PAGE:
Douglas Fir is commonly used in porch decks because it's easy to work with and relatively inexpensive. For porch decking, the wood is milled, as with other types of decking, so that the boards fit together via tongue-and-groove fittings along the sides. It's important that you weatherize and paint the boards, as tongue-and-groove boards usually aren't weatherized during the milling process.
Things You'll Need
- Tongue & groove Douglas Fir decking (longer than the porch)
- Weathering primer paintbrush
- Tape measure
- Miter saw
- Nail gun
- Galvanized finish nails
- Table saw
Lay out the Douglas fir decking on an open work area, upside down. Brush weatherizing primer over the back and sides of each board. Let it set for 24 hours.
Measure the length of the porch surface, in the direction perpendicular to the joists, so you're crossing all of them.
Cut a decking board to that length, using your miter saw.
Set the cut board along one side of the deck, with tongue side facing in toward the deck. If there's a wall there, leave a half-inch space between the grooved side of the board and the wall. Secure the board in place with two nails from your nail gun through the face of the board at each place it crosses a joist.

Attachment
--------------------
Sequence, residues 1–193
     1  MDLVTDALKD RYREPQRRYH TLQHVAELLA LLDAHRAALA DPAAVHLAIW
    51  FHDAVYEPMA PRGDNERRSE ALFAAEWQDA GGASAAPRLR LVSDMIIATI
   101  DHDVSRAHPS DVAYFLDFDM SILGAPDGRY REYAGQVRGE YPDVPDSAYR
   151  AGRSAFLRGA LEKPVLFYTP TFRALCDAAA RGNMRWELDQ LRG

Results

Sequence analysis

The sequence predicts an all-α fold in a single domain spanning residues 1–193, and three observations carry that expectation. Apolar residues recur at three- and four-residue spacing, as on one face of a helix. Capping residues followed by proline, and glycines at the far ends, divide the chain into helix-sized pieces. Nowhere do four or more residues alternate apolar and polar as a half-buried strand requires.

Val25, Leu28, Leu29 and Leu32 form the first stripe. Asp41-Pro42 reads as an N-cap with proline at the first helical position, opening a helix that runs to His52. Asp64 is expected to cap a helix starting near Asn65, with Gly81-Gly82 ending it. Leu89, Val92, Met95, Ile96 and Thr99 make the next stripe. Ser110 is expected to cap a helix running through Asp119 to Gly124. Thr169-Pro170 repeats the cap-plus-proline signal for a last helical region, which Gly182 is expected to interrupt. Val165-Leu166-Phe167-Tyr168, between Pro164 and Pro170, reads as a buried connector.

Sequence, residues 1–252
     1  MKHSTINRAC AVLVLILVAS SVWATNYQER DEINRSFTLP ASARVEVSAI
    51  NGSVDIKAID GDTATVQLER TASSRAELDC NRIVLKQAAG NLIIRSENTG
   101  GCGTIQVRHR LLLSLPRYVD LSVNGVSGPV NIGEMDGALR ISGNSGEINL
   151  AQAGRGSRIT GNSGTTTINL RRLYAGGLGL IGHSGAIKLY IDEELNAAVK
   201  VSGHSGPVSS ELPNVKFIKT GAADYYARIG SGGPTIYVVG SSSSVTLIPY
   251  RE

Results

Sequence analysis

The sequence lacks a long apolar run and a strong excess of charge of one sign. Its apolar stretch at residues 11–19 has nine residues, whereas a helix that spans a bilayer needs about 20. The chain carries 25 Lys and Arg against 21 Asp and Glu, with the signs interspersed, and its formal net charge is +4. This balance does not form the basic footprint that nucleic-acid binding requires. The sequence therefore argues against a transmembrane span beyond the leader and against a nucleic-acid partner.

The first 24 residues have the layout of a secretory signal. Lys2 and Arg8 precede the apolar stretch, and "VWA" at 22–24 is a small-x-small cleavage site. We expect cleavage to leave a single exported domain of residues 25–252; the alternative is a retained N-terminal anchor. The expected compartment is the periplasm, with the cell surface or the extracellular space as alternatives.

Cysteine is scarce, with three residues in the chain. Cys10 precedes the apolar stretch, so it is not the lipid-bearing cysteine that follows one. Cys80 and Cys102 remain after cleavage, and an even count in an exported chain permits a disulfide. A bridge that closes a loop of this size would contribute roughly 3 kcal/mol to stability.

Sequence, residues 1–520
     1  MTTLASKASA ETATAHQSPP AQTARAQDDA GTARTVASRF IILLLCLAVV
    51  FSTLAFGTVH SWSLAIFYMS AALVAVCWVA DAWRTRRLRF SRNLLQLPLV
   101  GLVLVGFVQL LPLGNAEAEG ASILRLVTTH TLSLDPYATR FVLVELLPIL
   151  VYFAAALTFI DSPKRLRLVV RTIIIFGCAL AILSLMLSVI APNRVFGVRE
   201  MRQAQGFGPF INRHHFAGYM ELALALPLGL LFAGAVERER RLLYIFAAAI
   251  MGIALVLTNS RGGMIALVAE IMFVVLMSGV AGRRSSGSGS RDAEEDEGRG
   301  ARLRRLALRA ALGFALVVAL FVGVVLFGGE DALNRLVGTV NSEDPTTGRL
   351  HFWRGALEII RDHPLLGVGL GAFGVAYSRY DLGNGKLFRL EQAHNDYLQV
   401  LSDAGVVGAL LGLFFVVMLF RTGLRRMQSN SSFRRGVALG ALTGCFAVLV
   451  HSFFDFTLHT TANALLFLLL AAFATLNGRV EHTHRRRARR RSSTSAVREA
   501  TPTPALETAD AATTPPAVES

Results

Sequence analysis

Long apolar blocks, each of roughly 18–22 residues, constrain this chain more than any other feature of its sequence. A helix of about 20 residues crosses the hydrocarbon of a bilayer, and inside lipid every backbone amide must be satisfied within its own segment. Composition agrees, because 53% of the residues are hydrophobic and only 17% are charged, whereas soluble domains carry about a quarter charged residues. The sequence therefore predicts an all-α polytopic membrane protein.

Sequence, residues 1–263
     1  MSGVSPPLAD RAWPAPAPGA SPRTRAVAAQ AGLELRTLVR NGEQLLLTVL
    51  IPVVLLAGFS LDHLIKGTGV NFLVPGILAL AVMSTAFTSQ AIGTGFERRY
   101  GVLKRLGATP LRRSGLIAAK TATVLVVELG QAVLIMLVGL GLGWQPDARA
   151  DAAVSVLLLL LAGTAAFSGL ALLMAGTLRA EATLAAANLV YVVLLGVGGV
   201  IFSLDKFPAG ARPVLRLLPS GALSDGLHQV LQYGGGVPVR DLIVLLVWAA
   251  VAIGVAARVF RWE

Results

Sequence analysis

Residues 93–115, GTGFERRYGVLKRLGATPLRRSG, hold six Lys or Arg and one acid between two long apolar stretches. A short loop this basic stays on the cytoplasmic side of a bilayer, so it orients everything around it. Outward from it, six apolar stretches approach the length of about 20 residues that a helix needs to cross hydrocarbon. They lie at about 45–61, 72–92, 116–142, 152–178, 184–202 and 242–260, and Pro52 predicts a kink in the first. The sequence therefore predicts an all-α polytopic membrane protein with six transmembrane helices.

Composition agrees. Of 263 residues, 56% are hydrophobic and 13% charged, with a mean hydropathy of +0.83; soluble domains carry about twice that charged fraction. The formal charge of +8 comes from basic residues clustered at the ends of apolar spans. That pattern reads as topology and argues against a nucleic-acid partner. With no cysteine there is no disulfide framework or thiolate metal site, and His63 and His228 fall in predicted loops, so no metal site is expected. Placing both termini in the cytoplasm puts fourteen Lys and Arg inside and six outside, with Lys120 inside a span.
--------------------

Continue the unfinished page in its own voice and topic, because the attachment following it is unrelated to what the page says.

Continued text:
Cut the second plank to size. Set it next to the first one. Set a piece of scrap decking at the outer edge of the board and tap the scrap wood with your hammer to get it tight to knock the board tightly against the first one. Shoot nails through the side of the board, just above the tongue, at an inward angle, at each point where it crosses a joist.
Repeat the process to cut and install the rest of the boards on the porch. Length-cut the final board on a table saw, if necessary, so it fits alongside the end.
Brush a layer of weatherizing primer over the tops of the boards. Let it dry overnight. Paint the surface of the porch.
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